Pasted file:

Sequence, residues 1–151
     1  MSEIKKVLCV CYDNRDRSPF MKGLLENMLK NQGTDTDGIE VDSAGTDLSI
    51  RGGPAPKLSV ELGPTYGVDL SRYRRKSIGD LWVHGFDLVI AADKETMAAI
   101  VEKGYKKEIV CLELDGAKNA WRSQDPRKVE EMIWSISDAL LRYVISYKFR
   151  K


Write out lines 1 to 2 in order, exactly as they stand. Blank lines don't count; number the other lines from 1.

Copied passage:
Sequence, residues 1–151
     1  MSEIKKVLCV CYDNRDRSPF MKGLLENMLK NQGTDTDGIE VDSAGTDLSI